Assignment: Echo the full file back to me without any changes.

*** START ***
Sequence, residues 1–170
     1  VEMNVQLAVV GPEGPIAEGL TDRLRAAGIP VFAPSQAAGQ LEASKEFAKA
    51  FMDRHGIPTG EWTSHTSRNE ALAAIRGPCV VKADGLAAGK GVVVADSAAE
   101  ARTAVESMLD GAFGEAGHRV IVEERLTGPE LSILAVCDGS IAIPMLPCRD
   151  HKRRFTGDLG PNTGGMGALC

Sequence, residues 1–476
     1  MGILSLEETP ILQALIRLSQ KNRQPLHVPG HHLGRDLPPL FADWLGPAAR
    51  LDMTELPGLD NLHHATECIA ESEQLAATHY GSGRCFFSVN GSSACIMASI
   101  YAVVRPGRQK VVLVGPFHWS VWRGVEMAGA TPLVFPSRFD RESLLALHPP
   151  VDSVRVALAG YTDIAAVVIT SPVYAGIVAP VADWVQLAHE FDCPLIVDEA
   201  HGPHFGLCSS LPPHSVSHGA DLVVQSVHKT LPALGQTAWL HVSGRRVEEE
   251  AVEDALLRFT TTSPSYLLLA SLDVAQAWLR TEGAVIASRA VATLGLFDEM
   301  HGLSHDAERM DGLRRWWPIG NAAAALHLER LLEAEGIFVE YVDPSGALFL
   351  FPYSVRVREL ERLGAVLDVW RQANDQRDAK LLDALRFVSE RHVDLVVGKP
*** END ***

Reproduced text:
Sequence, residues 1–170
     1  VEMNVQLAVV GPEGPIAEGL TDRLRAAGIP VFAPSQAAGQ LEASKEFAKA
    51  FMDRHGIPTG EWTSHTSRNE ALAAIRGPCV VKADGLAAGK GVVVADSAAE
   101  ARTAVESMLD GAFGEAGHRV IVEERLTGPE LSILAVCDGS IAIPMLPCRD
   151  HKRRFTGDLG PNTGGMGALC

Sequence, residues 1–476
     1  MGILSLEETP ILQALIRLSQ KNRQPLHVPG HHLGRDLPPL FADWLGPAAR
    51  LDMTELPGLD NLHHATECIA ESEQLAATHY GSGRCFFSVN GSSACIMASI
   101  YAVVRPGRQK VVLVGPFHWS VWRGVEMAGA TPLVFPSRFD RESLLALHPP
   151  VDSVRVALAG YTDIAAVVIT SPVYAGIVAP VADWVQLAHE FDCPLIVDEA
   201  HGPHFGLCSS LPPHSVSHGA DLVVQSVHKT LPALGQTAWL HVSGRRVEEE
   251  AVEDALLRFT TTSPSYLLLA SLDVAQAWLR TEGAVIASRA VATLGLFDEM
   301  HGLSHDAERM DGLRRWWPIG NAAAALHLER LLEAEGIFVE YVDPSGALFL
   351  FPYSVRVREL ERLGAVLDVW RQANDQRDAK LLDALRFVSE RHVDLVVGKP